This is an interesting blog post, and confirms something I had long suspected. There is another angle that the author hasn’t considered – the need for academics in some fields to travel for long periods to conduct primary research is hardly conducive to a ‘normal’ family life.

I already have my children. In fact, if it weren’t for them I probably wouldn’t be doing a PhD at all – it was the (extended) career break I took to look after them that gave me the time to think about what I wanted to do. Not so much what I wanted to do with my life, but what I wanted to do for me after giving 9 years of my life completely to them.

As for a desire to spawn, I never had one either. It’s amazing how much being told that if you leave it any longer you may not be ABLE to have children suddenly concentrates the mind. And before you think that it was my biological clock ticking, I’m only 37 now and my eldest is 10. Prior to that I had a miscarriage, so I had to consider potential infertility at 25.

I have found that although my fellow students are deeply respectful of the fact that I have returned to university to pursue a self-funded research degree while simultaneously running a 5 person family and servicing a mortgage, some of the staff are not. There is an assumption by some people (and particularly, I’m afraid some female staff) that because I have been at home looking after my children, I am a housewife and that’s all I’m capable of. In many respects I would say that being a housewife is the single most important thing I have done, although I would re-define it as being a mother. Any impact that my research has on society will be dwarfed by the impact that my children have on society merely by existing.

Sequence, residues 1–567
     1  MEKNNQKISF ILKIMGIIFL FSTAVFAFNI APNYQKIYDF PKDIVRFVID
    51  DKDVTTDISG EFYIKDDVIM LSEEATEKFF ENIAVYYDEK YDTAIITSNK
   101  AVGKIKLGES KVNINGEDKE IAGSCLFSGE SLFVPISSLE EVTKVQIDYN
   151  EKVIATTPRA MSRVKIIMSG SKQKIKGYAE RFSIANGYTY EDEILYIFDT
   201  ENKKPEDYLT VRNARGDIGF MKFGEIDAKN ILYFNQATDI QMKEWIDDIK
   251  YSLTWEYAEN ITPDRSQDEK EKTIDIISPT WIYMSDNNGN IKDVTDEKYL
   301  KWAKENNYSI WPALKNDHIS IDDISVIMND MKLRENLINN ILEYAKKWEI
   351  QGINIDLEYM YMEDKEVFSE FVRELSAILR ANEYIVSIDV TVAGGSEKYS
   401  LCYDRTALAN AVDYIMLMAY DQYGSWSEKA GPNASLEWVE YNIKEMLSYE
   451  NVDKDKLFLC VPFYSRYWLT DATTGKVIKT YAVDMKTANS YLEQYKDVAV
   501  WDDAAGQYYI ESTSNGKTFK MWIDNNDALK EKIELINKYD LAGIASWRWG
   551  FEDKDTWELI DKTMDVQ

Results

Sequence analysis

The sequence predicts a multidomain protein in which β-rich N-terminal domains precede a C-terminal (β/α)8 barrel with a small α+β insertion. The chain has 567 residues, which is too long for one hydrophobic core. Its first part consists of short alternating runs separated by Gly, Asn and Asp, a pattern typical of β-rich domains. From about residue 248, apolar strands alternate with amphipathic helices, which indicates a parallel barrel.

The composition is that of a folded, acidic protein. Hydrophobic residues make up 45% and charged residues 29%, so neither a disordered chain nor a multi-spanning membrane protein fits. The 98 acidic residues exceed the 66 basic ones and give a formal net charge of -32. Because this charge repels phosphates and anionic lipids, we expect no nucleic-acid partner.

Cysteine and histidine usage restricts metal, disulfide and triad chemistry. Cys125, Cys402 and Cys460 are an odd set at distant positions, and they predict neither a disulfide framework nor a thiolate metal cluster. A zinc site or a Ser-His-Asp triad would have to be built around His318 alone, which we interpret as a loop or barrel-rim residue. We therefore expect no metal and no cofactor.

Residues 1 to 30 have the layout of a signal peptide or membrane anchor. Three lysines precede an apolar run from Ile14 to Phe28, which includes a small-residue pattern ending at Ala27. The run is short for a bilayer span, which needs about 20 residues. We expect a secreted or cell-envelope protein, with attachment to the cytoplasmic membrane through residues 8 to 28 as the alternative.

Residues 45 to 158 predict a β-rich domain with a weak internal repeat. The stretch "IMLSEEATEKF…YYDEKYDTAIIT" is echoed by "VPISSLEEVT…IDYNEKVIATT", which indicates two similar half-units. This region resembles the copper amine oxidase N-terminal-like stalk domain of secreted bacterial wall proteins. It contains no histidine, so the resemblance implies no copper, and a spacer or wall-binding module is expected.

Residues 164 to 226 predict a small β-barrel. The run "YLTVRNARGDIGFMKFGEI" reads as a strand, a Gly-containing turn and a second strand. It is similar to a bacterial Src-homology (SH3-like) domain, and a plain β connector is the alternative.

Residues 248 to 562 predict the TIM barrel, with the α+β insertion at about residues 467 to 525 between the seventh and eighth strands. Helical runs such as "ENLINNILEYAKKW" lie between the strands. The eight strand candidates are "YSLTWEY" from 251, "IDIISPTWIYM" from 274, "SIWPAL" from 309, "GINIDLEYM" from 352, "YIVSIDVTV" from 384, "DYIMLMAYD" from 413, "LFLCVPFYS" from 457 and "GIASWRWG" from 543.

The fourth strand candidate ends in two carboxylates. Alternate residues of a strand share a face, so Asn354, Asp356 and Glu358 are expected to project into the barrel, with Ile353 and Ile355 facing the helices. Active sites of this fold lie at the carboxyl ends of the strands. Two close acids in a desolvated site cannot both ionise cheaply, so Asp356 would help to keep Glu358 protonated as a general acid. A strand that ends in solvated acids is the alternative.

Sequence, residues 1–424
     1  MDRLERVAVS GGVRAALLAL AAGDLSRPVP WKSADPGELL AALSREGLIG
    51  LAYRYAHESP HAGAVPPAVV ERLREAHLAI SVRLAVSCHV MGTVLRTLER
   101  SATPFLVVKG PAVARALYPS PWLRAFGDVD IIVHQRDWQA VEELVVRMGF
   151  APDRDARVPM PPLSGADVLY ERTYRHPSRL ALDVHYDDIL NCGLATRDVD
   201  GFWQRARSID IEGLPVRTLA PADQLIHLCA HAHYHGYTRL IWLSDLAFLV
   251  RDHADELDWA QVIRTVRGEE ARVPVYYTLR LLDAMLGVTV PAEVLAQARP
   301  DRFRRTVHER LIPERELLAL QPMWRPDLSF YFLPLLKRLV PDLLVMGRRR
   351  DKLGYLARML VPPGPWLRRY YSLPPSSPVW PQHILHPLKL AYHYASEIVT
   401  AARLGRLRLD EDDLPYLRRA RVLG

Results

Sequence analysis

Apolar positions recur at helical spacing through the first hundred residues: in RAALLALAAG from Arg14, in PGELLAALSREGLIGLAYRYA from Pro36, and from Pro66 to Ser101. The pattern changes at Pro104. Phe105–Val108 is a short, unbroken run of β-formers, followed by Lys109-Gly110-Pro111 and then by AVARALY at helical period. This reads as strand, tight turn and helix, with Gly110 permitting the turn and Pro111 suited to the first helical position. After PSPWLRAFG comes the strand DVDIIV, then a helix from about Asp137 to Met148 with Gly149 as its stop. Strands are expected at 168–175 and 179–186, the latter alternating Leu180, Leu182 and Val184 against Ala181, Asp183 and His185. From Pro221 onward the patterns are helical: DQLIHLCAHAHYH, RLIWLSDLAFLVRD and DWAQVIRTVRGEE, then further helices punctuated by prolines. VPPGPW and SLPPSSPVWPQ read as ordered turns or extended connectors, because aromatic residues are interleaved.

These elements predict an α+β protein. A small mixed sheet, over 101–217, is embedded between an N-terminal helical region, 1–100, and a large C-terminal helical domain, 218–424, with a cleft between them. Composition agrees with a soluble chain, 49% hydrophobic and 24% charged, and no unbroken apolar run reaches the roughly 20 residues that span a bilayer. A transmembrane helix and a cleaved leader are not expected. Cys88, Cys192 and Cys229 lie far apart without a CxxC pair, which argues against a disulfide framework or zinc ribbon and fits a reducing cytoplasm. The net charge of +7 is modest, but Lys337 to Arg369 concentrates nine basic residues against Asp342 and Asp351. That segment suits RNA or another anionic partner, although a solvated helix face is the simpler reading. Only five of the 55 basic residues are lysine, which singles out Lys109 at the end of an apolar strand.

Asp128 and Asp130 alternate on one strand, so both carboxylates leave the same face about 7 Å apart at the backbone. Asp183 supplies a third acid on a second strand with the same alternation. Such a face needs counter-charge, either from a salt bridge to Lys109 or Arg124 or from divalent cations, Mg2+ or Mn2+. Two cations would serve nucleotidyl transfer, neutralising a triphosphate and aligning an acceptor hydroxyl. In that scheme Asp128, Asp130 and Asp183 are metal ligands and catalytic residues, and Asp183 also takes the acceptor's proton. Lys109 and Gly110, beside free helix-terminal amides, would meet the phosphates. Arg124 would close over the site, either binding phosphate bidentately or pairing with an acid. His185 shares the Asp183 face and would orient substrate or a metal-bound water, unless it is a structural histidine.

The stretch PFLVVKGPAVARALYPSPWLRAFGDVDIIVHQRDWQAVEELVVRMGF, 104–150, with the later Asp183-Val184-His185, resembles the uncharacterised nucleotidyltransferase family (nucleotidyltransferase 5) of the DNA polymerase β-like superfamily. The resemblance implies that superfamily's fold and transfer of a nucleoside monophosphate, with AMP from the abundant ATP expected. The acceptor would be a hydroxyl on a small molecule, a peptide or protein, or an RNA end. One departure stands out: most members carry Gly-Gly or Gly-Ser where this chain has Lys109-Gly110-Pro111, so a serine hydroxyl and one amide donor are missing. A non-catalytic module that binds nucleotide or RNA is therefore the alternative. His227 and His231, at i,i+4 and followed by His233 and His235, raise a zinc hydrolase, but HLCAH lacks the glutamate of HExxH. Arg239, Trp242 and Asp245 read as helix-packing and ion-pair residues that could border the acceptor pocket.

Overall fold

Being a stay at home mum; a mature student; a childless academic; marriage, children and tenure: they are all equally valid life choices, as long as they are gone into for the right reasons.